WASHINGTON – Rep. Chris Collins and other Republican lawmakers portray their tax reform plan as a win-win for taxpayers and the economy, but the Clarence congressman Tuesday acknowledged another, swampier reason for him to back a rewrite of the tax code.
“My donors are basically saying, ‘Get it done or don’t ever call me again,’ ” Collins said.
Collins made those comments to reporters outside a House Republican conference meeting. The Hill, a Capitol Hill publication, first reported his comments, which quickly went viral on Twitter among Congress-watchers.
Within four hours of its posting, 1,500 people had commented on Hill reporter Cristina Marcos' tweet of Collins' comment, with most of them taking a profoundly negative view of what he said.
Meantime, one of the Democrats aiming to run against Collins next year, East Aurora prosecutor and Army veteran Sean Bunny, issued a scorching statement on Collins' comments.
“Chris Collins is again admitting to us that he’s representing his big campaign donors in Congress – millionaires, billionaires, special interests – and not Western New York families," Bunny said.
Collins made his comments in the context of a conversation about how intense the lobbying is regarding the GOP tax plan, which aims to cut the corporate tax rate from 35 percent to 20 percent while trimming many deductions and lowering rates for many individual taxpayers.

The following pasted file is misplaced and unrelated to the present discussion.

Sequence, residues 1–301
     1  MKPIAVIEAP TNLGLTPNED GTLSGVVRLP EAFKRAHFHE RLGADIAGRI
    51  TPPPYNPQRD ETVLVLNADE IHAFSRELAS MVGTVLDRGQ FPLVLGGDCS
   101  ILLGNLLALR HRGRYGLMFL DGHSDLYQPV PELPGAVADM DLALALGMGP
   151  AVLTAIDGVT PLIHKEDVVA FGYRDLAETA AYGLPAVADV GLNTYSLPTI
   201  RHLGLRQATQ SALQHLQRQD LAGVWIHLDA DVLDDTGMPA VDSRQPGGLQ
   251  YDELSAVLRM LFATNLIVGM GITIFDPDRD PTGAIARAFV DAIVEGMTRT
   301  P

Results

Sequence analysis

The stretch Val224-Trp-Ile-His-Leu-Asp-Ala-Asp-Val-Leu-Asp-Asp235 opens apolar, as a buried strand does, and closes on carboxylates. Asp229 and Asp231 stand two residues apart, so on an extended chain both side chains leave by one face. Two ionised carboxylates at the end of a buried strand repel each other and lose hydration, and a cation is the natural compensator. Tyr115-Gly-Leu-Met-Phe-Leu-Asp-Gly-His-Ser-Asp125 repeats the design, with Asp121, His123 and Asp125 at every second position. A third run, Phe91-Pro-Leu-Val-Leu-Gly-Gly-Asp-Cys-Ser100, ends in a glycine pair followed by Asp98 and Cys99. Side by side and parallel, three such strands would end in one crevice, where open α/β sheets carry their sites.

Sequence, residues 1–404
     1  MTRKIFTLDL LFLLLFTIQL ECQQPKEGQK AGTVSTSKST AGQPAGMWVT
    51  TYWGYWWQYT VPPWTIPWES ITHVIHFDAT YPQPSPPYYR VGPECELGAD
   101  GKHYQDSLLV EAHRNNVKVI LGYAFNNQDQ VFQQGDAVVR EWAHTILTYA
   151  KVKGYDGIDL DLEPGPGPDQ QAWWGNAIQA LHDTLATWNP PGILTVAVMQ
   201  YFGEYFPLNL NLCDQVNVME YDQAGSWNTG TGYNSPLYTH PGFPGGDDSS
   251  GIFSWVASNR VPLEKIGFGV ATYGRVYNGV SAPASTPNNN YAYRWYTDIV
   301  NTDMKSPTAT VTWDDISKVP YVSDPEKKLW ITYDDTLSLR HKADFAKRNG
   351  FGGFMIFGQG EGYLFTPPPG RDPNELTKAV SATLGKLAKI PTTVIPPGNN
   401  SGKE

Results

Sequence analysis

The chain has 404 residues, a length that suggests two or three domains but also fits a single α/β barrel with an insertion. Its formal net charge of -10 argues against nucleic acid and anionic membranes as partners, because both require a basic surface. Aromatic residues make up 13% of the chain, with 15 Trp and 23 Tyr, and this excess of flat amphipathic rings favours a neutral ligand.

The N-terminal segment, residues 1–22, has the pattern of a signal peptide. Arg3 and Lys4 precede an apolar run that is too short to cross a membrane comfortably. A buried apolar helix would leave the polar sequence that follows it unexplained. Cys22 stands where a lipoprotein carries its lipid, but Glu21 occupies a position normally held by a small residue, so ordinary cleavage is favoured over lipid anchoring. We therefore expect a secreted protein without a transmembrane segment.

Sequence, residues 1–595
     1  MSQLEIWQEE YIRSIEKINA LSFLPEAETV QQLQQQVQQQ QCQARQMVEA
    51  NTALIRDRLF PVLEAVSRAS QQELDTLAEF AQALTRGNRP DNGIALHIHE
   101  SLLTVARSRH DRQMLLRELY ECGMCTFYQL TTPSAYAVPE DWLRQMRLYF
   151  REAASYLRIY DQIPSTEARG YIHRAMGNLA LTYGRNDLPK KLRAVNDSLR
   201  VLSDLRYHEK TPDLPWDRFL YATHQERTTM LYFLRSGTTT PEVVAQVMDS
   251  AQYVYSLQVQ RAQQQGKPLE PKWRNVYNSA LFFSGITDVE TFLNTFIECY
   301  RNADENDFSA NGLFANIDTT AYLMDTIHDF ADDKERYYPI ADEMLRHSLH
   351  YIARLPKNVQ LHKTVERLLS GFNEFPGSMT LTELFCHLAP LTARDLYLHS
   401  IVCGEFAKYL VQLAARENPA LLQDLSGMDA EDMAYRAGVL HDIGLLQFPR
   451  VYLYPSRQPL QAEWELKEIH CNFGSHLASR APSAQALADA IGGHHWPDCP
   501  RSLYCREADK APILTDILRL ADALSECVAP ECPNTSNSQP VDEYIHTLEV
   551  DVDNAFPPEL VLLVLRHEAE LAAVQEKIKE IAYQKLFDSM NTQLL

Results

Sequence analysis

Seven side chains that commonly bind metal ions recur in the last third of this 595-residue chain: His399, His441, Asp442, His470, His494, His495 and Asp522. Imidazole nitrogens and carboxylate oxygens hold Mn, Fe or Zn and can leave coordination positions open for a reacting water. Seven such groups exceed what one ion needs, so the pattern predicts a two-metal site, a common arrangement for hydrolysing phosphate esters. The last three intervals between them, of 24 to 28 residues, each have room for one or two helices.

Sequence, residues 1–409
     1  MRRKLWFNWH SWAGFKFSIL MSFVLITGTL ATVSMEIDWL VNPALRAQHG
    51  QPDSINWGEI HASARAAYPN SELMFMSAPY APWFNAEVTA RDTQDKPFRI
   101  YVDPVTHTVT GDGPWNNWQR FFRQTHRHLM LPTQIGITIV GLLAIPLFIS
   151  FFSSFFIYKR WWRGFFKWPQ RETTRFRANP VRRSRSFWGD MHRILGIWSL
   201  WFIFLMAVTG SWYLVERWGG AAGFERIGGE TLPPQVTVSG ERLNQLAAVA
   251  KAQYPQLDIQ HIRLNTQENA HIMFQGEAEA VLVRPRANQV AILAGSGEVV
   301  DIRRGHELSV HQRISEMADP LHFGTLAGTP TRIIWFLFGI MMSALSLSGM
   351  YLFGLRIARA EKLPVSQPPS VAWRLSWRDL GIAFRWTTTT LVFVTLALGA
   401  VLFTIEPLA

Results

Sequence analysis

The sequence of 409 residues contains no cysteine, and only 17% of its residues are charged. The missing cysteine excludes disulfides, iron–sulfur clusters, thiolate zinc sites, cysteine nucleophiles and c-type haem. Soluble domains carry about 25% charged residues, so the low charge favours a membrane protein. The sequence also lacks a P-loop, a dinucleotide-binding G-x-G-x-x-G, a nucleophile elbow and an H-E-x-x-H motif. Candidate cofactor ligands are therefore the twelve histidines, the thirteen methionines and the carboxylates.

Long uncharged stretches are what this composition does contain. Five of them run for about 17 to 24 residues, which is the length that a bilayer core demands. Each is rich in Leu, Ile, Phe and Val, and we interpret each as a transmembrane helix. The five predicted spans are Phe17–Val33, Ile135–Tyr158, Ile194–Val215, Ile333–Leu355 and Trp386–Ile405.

Democrats argue that's a bad deal for average taxpayers, saying the elimination of deductions and the personal exemption would, for many voters, result in higher tax bills.
"This is not tax reform," Rep. Brian Higgins, D-Buffalo, said Tuesday. "This is a tax scam that’s intended to take money from middle America and give it to corporate America unjustifiably.”
Collins, in his talk with reporters, acknowledged that lawmakers face great pressure from special interests in the tax debate.
“Every special interest is out in force,” Collins said. “I’d say the more they come out, it’s an indication we’re doing a darn good job.”
Even Collins' niece urged him to restore the adoption tax credit, the Hill reported.
“We are getting lobbied by our families, our neighbors, our friends,” Collins said.
Collins' political adviser, Christopher M. Grant, said he was surprised that Collins' comments on his campaign donors caused a stir.
"Ninety-eight percent of Chris Collins' constituents will benefit from this tax bill," Grant said. "His donors are primarily small businesses and working class families, and they're interested in getting tax reform done."
An analysis by the Center for Responsive Politics shows that in the 2017-18 election cycle, slightly more than half of the $627,203 Collins raised came from political action committees representing business interests. Some $108,899 came from health care industry PACs, while $50,500 came from the energy industry and $50,000 came from political committees representing the communications or electronics industries.